I was researching poverty in Africa and was reading about their daily wages. Based on the article linked, 2/3 of Africans live on less than $1.25 USD, a day.

However, what this article and many other ones don't elaborate on is how that $1.25 is used.

I would like to better understand how African families use their money, and am especially interested to learn how much money goes into savings. For example, maybe 1 dollar is used for food and other necessities, and other $0.25 is kept as savings.

If anyone has any answers or data that may help answer this question, I appreciate any help. Thanks.

Link: http://global-growing.org/en/content/fact-7-about-three-quarters-african-population-live-less-2-half-population-less-125-day

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    $\begingroup$ Your linked article actually says 51 per cent of sub-Saharan Africans live on $1.25 (€0.94) per day. That is rather out of date. For example the World Bank say that in 2013 42.3% of the population below $1.90 a day (2011 PPP) and the proportion may have fallen since then. At that level, saving is likely to be minimal, except for buying the odd animal $\endgroup$
    – Henry
    Aug 7 '18 at 23:26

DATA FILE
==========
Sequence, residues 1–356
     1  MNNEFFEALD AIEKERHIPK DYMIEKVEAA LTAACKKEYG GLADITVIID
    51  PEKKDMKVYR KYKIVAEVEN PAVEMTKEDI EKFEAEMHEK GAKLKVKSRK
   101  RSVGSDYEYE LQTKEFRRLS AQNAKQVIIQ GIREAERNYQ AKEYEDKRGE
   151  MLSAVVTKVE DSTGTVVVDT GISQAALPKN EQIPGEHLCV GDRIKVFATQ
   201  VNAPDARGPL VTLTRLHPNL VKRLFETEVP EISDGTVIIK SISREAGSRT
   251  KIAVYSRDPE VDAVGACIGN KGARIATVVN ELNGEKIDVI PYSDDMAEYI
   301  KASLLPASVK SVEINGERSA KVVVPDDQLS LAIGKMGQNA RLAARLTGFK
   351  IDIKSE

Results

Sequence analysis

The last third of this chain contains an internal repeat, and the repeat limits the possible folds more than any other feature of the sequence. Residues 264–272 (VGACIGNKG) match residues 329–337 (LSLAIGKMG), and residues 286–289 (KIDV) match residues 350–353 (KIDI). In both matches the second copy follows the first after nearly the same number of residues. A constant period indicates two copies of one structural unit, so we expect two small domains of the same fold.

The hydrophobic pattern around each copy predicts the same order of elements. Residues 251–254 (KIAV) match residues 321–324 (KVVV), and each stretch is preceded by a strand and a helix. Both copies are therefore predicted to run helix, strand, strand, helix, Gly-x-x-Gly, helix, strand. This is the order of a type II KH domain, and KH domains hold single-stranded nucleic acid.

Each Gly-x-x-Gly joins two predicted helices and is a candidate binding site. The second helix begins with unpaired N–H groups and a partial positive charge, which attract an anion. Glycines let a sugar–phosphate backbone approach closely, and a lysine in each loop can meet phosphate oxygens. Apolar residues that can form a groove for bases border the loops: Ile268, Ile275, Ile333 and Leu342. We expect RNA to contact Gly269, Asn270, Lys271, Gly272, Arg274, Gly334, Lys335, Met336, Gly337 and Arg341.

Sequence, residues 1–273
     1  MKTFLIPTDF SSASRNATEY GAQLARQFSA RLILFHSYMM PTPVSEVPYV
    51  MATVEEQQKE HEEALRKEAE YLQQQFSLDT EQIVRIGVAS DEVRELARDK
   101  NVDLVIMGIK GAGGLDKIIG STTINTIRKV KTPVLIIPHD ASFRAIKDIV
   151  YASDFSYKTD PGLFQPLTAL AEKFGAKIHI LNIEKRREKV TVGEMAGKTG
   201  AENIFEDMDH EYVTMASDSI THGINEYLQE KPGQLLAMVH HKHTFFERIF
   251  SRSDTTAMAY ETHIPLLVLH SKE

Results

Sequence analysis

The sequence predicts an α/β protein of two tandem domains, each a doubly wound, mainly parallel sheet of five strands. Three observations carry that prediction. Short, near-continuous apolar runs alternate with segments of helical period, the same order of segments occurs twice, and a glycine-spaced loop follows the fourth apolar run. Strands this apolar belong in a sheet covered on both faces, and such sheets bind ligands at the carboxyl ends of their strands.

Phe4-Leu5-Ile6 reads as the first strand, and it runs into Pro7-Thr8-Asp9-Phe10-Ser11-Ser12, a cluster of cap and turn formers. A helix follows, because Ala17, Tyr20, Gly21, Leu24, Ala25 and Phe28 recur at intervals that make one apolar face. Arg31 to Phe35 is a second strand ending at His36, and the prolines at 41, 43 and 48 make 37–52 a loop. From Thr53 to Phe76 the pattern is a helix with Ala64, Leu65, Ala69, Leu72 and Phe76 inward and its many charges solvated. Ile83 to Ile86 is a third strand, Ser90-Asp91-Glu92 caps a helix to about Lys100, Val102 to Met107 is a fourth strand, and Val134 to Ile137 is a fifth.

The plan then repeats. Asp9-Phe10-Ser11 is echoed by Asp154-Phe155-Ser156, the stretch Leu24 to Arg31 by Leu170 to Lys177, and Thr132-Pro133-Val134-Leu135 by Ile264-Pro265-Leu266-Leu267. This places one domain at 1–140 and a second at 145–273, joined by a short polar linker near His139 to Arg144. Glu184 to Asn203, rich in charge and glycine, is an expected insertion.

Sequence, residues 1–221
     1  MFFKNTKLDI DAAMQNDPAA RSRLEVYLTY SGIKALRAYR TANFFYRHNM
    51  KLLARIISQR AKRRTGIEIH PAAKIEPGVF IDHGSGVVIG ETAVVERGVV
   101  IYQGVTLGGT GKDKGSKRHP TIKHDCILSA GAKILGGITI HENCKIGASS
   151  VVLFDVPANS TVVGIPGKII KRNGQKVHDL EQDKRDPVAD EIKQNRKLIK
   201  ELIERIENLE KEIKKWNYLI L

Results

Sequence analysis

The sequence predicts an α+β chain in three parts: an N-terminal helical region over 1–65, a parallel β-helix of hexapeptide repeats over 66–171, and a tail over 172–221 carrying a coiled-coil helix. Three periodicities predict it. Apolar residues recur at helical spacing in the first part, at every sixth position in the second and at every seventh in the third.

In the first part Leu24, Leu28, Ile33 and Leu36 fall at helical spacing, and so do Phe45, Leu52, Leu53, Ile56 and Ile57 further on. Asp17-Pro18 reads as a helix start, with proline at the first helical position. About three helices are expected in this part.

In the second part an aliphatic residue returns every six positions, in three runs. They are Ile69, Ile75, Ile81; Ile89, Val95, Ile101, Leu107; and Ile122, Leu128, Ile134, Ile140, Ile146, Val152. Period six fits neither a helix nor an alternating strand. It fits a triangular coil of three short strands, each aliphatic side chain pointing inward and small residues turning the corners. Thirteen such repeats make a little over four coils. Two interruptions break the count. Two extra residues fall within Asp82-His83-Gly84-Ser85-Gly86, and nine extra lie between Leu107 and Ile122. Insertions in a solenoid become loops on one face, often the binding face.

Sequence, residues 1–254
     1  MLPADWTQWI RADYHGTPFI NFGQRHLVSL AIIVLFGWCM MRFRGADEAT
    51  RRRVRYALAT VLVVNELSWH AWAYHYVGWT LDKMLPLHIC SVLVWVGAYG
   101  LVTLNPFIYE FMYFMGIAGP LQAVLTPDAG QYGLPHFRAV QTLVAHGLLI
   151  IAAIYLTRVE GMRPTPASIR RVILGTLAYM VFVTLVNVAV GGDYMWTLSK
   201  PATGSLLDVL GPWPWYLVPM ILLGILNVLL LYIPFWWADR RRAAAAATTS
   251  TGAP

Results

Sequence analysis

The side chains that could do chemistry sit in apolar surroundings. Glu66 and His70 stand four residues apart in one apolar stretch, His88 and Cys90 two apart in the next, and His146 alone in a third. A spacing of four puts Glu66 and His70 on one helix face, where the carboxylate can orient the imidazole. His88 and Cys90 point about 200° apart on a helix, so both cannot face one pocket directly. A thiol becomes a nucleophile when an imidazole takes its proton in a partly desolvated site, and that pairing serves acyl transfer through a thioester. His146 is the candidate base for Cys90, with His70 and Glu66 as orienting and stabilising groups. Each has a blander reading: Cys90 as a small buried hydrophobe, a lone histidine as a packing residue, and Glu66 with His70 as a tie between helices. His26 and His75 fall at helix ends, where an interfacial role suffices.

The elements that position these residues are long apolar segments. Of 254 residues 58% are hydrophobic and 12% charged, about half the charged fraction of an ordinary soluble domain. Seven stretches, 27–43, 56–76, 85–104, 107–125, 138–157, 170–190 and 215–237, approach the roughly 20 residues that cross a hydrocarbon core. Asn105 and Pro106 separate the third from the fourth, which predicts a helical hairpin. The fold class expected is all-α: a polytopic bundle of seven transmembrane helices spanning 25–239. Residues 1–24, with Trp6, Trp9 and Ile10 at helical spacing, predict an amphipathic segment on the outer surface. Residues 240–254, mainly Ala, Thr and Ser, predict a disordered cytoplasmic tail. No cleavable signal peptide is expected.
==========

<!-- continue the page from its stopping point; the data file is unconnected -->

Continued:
• $\begingroup$ You're right, the data's outdated. However, I was still looking to understand what percent of wages goes into their savings. Do you have any data for that? You may be right, but I have yet to find any evidence, so it's only an assumption right now. $\endgroup$
    – F16Falcon
    Aug 8 '18 at 1:21
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    $\begingroup$ Just something I would like to add. Looking at Africans as a homogeneous groups is really going to impact any sort of economic analysis. Maybe reconsider your question in terms of a single SSA country. $\endgroup$
    – Joseph
    Aug 11 '18 at 14:28
  • $\begingroup$ Good point, different locations and groups probably differ significantly. However, I think I shouldn't to be too picky simply because of the rarity of this kind of data. At this moment, anything helps :) $\endgroup$
    – F16Falcon
    Aug 11 '18 at 22:08
  • $\begingroup$ What's savings? If someone takes \$10 and buys a goat for milk and potentially for food, how should that appear? Is it an investment (savings)? Consumption? Food (milk and meat)? What if it's a billy goat to add to five females? No milk value and kept for breeding rather than eating. Then someone buys seeds for \$2. It will eventually be food, but it's currently an investment. I suspect most Africans grow or raise food, buying tools and animals as they can. I.e. I suspect that paying \$1 for ready-to-cook food is not how it works. $\endgroup$
    – Brythan
    Aug 15 '18 at 3:19

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